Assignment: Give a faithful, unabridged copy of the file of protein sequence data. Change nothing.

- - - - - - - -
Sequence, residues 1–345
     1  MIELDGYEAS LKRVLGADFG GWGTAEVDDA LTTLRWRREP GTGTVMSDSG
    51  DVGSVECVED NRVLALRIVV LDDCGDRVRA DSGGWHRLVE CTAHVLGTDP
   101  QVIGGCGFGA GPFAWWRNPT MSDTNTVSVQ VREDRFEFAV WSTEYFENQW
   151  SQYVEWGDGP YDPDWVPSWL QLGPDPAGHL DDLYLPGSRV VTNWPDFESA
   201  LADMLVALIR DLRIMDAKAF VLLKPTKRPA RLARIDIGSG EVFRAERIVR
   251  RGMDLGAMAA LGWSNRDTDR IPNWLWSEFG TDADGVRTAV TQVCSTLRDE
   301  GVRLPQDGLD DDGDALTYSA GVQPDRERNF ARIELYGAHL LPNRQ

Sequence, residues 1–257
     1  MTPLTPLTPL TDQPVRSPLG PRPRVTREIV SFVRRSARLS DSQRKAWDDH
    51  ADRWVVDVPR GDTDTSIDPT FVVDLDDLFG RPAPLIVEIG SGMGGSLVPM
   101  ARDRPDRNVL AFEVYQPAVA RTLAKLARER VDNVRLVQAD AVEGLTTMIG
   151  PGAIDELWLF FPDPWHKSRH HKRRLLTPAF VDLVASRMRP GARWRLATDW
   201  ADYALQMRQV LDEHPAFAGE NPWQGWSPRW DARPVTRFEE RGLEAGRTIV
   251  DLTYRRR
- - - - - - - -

Sequence, residues 1–345
     1  MIELDGYEAS LKRVLGADFG GWGTAEVDDA LTTLRWRREP GTGTVMSDSG
    51  DVGSVECVED NRVLALRIVV LDDCGDRVRA DSGGWHRLVE CTAHVLGTDP
   101  QVIGGCGFGA GPFAWWRNPT MSDTNTVSVQ VREDRFEFAV WSTEYFENQW
   151  SQYVEWGDGP YDPDWVPSWL QLGPDPAGHL DDLYLPGSRV VTNWPDFESA
   201  LADMLVALIR DLRIMDAKAF VLLKPTKRPA RLARIDIGSG EVFRAERIVR
   251  RGMDLGAMAA LGWSNRDTDR IPNWLWSEFG TDADGVRTAV TQVCSTLRDE
   301  GVRLPQDGLD DDGDALTYSA GVQPDRERNF ARIELYGAHL LPNRQ

Sequence, residues 1–257
     1  MTPLTPLTPL TDQPVRSPLG PRPRVTREIV SFVRRSARLS DSQRKAWDDH
    51  ADRWVVDVPR GDTDTSIDPT FVVDLDDLFG RPAPLIVEIG SGMGGSLVPM
   101  ARDRPDRNVL AFEVYQPAVA RTLAKLARER VDNVRLVQAD AVEGLTTMIG
   151  PGAIDELWLF FPDPWHKSRH HKRRLLTPAF VDLVASRMRP GARWRLATDW
   201  ADYALQMRQV LDEHPAFAGE NPWQGWSPRW DARPVTRFEE RGLEAGRTIV
   251  DLTYRRR